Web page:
Wednesday, January 4, 2012

Different Purposes for the Church and the Need for Balance

Historically, churches have taken on five basic styles, depending on what emphasis they believe to be most important. 

The Soul Winning Church.  If a pastor sees his primary role as an evangelist, then the church becomes a “soul winning” church.  Because this church’s main goal is to see souls saved, it’s always reaching out to the lost.  The terms you most often hear in this type of church are witnessing, evangelism, salvation, visitation, altar calls, and revivals.

The Experiencing God Church.  If a pastor’s passion and gifts lie in the area of worship, he will instinctively lead the church to become an “experiencing God” church.  The focus of this church is on experiencing the presence and power of God in the services.  Key terms for this church are words like praise, prayer, power, worship, moving in the Spirit, spiritual gifts, laying on of hands, and renewal.  In this type of church the worship service itself receives more attention than anything else.  There are both charismatic and non-charismatic versions of the experiencing God church.

The Family Reunion Church.  A church that focuses primarily on fellowship is a “Family Reunion” church.  The church is shaped by the pastor who is highly relational, loves people, and spends most of his time serving as a Chaplin.  Key terms heard in this church are potluck dinner, belonging, fellowship, dinner on the grounds, homecoming, and caring.  In this type of church the gathering itself is always more important than the goals of the church.  Most churches of this type have less than 200 members or active attenders, since that’s about all one pastor can care for.

The Classroom Church.  A “classroom” church occurs when the pastor sees his primary role as a teacher.  If teaching is his primary gift, he will emphasize teaching and de-emphasize the other tasks of the church.  The pastor serves as the expert instructor; and members come to church with notebooks, take notes, and go home.  The primary emphasis of all teaching is on Bible content.  Key words for this church are expository preaching, Bible study, Greek & Hebrew, knowledge, truth, doctrine, and discipleship.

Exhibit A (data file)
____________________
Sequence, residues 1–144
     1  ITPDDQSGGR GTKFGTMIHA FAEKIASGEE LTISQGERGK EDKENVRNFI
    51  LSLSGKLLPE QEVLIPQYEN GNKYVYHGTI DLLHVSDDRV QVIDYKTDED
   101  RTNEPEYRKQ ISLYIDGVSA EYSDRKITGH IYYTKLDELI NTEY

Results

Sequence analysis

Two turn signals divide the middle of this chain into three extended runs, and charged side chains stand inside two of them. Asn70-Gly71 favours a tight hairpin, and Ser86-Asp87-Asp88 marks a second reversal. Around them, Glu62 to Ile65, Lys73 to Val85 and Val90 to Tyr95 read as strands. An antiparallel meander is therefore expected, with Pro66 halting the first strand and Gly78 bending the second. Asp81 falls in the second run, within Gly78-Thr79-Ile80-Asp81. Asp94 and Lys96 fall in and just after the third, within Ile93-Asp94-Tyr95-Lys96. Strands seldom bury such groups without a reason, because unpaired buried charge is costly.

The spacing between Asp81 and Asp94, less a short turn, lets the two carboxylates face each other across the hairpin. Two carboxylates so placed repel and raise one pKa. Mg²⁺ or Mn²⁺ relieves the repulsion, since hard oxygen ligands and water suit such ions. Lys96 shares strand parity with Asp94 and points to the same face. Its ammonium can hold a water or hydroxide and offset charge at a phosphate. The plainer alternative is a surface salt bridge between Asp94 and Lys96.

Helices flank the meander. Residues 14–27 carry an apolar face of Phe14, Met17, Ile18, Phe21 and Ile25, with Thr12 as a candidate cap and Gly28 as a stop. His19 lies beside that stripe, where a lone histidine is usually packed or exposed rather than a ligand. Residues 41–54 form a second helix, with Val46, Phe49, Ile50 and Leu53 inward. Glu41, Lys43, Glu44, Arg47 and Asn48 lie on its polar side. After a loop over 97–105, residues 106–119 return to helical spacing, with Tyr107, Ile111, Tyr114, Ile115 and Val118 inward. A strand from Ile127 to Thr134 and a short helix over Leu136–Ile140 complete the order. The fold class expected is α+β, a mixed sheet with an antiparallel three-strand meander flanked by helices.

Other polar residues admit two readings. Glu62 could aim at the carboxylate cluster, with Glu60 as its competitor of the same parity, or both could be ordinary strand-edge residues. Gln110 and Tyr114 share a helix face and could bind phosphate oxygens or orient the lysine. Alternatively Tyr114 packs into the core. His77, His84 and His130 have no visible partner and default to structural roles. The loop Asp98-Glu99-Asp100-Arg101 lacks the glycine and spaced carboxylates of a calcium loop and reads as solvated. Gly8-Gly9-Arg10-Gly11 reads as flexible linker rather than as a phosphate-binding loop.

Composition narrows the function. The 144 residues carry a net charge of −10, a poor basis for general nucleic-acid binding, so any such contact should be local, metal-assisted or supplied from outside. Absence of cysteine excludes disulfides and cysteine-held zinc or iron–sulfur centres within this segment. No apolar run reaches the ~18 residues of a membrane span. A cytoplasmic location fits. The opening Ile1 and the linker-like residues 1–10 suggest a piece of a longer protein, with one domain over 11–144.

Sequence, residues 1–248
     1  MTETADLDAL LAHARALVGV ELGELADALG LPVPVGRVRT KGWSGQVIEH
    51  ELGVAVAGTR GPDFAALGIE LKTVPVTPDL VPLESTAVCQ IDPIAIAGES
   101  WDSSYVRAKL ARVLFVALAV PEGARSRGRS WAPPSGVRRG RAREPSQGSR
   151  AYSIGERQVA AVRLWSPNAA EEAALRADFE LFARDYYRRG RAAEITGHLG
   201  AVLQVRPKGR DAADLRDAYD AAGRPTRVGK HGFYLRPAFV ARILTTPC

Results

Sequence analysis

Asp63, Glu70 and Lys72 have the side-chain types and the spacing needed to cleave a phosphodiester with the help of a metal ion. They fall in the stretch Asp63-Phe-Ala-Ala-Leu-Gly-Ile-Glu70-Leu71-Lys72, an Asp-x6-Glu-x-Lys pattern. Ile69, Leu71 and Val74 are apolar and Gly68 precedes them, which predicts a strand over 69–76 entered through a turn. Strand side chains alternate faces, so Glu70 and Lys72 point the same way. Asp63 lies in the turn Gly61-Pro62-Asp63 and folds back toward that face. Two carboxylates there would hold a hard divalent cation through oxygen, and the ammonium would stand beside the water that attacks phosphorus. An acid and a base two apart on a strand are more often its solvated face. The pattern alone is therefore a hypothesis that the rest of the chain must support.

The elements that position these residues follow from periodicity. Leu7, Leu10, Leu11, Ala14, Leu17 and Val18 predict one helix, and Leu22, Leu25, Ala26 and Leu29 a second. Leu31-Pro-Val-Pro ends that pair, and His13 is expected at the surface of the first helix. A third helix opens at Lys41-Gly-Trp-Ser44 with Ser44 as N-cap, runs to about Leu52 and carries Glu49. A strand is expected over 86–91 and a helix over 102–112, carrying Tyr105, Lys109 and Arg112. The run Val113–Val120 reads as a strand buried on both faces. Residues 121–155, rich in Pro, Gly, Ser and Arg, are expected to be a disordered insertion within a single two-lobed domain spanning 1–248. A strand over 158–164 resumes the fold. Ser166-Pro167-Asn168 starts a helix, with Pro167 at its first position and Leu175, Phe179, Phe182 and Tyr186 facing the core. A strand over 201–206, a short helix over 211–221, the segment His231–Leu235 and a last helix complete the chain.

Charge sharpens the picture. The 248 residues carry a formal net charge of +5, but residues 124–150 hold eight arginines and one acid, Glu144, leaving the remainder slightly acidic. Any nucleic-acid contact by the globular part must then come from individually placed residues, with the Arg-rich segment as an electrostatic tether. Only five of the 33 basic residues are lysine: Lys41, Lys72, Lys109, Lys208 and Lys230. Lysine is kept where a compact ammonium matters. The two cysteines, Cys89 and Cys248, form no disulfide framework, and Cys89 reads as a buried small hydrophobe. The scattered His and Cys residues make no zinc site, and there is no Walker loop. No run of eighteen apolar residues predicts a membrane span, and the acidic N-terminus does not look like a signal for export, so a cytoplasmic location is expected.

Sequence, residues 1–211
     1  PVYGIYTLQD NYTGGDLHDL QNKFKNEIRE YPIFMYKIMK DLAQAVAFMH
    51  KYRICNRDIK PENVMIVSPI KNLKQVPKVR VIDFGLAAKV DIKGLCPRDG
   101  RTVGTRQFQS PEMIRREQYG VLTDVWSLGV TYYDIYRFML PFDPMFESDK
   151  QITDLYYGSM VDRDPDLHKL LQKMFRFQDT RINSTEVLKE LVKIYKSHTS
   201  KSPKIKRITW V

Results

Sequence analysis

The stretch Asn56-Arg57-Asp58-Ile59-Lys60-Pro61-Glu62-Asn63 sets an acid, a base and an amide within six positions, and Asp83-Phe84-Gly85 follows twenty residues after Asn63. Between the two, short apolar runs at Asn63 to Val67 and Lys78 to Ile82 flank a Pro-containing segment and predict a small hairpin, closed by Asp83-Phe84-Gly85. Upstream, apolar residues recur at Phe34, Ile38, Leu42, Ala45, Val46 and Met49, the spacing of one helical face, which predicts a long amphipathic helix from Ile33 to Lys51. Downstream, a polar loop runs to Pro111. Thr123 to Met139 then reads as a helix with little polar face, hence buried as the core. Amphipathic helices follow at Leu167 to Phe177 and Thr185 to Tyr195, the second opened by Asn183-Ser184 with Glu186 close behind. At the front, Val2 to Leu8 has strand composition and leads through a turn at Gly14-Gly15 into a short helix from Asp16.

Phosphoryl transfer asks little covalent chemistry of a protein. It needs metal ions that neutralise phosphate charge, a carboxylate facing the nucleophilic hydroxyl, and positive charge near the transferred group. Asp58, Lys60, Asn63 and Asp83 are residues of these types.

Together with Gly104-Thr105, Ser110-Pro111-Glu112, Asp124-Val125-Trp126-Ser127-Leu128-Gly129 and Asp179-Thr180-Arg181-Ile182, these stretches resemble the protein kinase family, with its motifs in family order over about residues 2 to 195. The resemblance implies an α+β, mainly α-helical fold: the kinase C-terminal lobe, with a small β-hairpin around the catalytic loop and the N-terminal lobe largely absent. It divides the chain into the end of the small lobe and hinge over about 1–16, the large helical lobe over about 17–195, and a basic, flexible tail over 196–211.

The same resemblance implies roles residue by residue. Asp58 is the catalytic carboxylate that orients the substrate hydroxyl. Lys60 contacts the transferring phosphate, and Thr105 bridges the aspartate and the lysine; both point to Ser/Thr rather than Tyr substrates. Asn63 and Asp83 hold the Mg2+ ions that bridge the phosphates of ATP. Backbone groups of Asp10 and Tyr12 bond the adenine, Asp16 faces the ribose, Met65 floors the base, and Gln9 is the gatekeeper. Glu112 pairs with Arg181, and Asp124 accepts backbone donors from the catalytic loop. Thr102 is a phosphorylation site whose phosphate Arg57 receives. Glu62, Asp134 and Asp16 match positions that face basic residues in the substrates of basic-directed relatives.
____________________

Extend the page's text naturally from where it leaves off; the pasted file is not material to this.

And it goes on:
The Social Conscience Church.   The pastor of the “social conscience” church sees his role as a prophet and reformer.  This kind of church is out to change society.  It is full of activists who are involved in major issues.  This church comes in both liberal and conservative versions.  The liberal version tends to focus on the injustices in our society, while the conservative version tends to focus on the moral decline in our society.  Both liberal and conservative versions feel the church should be a major player in the political process.  Its members are usually involved in some current crusade or cause.  Terms heard in this church are taking a stand, activism, serve, improve the community, do something, and involvement.

I realize that these pictures are painted with a broad stroke of the brush.  Generalizations never tell the whole story.  For instance, some churches are a blend of two or three categories.  The point is that unless there is an intentional plan to balance all five purposes, most churches will embrace one to the neglect of the others.

The members of each of these five types of churches often consider themselves to be more spiritual or their churches more important than any of the others.  That’s not necessarily wrong, it’s because people are usually attracted to a church that corresponds to their own passion or giftedness.  We all want to be a part of a church that affirms what we feel is most important.

Additionally, it is the natural tendency of leaders to emphasize what they feel strongly about and neglect what they feel less passionate about.  Around the world, or even in our own community, you can find churches that have become an extension of the pastor’s giftedness and little more.

The truth is, all five of these purposes are important for the church, but they must be balanced together if the church is to be healthy and able to reach its redemptive potential.  By focusing equally on ALL FIVE - Evangelism, Fellowship, Worship, Discipleship, and Service - a church will develop a healthy balance that makes lasting growth possible.

Strong churches are not built on programs, personalities, or by emphasizing one cause above all others.  They are built upon the equally emphasized purposes of God.  There is no single key to church health and church growth; there are many keys.  The church is not called to do one thing; it is called to do many things.  That’s why balance is so important.

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